16 Minutes on the News #21: Coronavirus Outbreak

    This episode of 16 Minutes on the news from a16z is all about the recent coronavirus outbreak — or rather, a new type of coronavirus called 2019-nCoV for 2019 novel coronavirus. Since it’s an ongoing and fast-developing news cycle, we take a quick snapshot for where we are, what we know, and what we don’t know, and discuss the vantage point of where tech comes in. Topics covered include:

    • definition of a virus, categories of coronaviruses
    • origins and spread
    • how this stacks up so far against SARS and MERS
    • speed of sequencing, implications of genomic info
    • speed of information sharing
    • R0 (“r-naught”/”nought”) and what it measures
    • different ways to think about how bad a given epidemic is
    • current moves and treatments

    Our a16z guest is Judy Savitskaya on the bio team, in conversation with Sonal Chokshi.

    Link sources or background readings for this episode:

    Other background readings / pieces mentioned in this episode:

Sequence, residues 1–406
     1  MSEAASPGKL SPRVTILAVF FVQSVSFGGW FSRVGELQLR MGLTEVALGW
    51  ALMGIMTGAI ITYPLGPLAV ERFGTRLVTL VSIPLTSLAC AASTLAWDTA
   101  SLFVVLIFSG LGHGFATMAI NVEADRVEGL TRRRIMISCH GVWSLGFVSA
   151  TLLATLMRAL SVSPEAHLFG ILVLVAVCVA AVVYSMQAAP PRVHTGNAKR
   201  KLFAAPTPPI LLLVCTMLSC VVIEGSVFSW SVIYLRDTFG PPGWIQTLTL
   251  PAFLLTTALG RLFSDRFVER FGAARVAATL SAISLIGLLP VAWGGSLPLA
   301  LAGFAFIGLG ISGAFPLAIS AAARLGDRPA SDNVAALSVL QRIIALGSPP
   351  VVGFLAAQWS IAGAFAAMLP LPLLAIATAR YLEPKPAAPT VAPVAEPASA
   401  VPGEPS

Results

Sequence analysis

• “Scientists are moving at record speed to create new coronavirus vaccines–but they may come too late”, Jon Cohen, Science (AAAS), January 27
    • “Clinical features of patients infected with 2019 novel coronavirus in Wuhan, China”, The Lancet, January 24
    • “Discovery of a novel coronavirus associated with the recent pneumonia outbreak in humans and its potential bat origin”, bioRxiv, January 2 *note – preprint, NOT peer reviewed*
    • “The deceptively simple number sparking coronavirus fears”, Ed Yong, The Atlantic, January 28 *this appeared AFTER this episode was recorded, so sharing here as additional reading only*

    image: CDC via Wikimedia Commons

    Biology is eating the world

    Sign up for our bio newsletter to get the a16z take on the future of biology and engineering.